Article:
MITROVICH: You bring up a good point there. How big of an impact does the online alternate history community actually have? Does your average enjoyer of alternate history spend a lot of time there? As I write this AlternateHistory.com has over 79,000 users, which sounds like a lot, but at the moment only 1000ish are active.
So how many active accounts does that site have? Most? Half? A third? Even less than that?
P. Djèlí Clark’s A Master of Djinn just won the Nebula Award. How many of the people active in the online community read that alternate history? Are there that many SFWA members active in the online alternate history community? Maybe, maybe not, I just don’t know.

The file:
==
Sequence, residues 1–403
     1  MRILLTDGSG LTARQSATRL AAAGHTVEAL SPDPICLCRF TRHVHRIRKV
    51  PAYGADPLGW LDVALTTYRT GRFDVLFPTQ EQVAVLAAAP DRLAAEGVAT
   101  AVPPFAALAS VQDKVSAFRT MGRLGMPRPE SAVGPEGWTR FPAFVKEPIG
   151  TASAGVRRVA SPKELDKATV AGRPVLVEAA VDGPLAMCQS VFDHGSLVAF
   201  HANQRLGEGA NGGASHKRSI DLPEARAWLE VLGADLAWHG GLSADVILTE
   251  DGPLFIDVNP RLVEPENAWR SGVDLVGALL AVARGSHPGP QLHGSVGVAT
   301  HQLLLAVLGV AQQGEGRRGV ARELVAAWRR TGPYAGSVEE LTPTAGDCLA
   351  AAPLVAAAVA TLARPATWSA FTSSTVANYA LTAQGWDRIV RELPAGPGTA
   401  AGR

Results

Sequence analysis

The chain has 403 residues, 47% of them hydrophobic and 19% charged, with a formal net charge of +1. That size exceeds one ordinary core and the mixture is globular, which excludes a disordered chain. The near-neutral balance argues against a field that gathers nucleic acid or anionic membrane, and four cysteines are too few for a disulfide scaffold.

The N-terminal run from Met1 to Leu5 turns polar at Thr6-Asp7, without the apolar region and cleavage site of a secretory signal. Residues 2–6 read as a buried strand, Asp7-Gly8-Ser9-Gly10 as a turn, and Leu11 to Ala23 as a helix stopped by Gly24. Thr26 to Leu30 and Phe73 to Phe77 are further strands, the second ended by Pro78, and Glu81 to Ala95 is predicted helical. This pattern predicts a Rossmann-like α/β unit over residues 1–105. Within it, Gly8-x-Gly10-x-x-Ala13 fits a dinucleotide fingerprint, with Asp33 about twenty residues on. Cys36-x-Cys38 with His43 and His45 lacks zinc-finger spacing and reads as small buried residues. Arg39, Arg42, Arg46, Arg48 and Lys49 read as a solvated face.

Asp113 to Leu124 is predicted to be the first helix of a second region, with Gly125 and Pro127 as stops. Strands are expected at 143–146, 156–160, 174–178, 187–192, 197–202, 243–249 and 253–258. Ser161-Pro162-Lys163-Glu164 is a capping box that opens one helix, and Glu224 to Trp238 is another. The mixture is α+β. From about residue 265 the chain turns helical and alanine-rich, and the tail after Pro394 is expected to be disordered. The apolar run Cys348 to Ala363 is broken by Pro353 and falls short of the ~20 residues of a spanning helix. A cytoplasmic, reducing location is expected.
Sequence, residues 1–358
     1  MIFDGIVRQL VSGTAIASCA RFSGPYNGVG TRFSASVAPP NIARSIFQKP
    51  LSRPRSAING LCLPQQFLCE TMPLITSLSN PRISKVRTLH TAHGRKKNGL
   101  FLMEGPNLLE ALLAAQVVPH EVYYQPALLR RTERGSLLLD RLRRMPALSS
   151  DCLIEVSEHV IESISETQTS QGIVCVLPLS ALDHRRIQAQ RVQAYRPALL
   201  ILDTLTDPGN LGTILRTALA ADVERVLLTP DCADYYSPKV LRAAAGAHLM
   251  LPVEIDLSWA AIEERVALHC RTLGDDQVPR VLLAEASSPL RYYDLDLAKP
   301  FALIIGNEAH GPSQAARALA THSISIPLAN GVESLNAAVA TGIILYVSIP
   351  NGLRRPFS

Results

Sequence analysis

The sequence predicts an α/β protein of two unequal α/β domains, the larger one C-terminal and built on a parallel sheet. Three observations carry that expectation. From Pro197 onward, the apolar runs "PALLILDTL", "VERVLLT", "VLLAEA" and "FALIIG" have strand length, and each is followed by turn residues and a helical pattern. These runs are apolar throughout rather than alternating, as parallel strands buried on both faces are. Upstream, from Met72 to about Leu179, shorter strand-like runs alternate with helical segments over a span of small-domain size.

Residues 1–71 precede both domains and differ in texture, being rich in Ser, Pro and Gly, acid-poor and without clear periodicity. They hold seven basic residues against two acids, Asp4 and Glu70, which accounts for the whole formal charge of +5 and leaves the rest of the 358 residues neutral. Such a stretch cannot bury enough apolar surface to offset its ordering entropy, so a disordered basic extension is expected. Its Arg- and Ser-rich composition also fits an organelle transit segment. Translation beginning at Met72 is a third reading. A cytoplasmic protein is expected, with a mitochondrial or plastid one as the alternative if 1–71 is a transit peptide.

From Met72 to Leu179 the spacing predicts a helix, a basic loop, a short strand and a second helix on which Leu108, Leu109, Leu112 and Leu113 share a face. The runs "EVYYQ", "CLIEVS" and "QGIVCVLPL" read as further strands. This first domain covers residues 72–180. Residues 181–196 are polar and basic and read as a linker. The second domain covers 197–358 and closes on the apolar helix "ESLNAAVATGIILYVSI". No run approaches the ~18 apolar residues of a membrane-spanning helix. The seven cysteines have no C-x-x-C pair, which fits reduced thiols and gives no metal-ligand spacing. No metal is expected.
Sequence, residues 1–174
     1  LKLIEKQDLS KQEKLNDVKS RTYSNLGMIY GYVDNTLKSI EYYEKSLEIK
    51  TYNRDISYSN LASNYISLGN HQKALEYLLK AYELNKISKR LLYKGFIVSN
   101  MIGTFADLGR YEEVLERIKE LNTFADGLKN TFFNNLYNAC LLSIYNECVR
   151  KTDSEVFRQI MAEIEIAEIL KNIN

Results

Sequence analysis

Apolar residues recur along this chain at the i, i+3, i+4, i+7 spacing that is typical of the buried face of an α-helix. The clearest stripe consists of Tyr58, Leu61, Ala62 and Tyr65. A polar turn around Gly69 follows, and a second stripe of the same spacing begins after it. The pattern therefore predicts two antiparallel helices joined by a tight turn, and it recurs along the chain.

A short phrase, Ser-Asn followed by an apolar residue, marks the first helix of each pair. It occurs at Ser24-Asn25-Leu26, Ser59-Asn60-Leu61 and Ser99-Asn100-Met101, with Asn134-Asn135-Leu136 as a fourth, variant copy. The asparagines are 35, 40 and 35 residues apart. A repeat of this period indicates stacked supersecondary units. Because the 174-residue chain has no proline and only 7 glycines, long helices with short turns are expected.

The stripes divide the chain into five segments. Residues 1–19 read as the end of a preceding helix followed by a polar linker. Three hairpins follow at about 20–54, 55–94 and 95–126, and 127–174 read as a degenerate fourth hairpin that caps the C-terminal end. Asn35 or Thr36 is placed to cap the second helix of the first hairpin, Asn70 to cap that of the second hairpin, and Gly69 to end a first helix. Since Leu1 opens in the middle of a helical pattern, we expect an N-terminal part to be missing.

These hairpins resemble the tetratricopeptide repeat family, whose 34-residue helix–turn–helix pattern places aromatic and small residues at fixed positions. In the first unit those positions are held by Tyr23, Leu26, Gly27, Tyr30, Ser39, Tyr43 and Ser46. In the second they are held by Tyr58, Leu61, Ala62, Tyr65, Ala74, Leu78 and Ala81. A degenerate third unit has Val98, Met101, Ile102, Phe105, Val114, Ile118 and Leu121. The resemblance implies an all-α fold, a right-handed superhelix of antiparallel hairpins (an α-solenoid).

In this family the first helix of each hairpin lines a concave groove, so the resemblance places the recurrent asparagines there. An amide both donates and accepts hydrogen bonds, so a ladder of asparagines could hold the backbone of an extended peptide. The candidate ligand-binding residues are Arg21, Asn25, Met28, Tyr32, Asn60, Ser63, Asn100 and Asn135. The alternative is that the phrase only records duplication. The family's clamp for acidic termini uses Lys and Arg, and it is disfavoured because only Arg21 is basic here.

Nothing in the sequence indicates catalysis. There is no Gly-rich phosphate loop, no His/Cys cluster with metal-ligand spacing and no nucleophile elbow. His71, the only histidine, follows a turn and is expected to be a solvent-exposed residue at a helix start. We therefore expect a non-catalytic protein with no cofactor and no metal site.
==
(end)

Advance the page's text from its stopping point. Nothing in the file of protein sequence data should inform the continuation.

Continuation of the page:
You know, I interviewed Ian Montgomerie, founder and admin of AlternateHistory.com, once years ago and he suggested that alternate historians aren’t fans in the traditionals sense. They are creators first and foremost. They don’t talk about traditionally published alternate history as much as they like to create works of fiction (in their own style at least) for their fellow online alternate historians. But I wonder now how much of that is a closed system. How many of those timelines will see a larger audience? Most won’t since either the original authors aren’t interested or able to turn it into something for a larger audience.
World-building for an alternate historian is easy. But writing a story with plots, characters, dialogue, etc.? That’s a harder skill to learn and not one the online community is always great at teaching its members.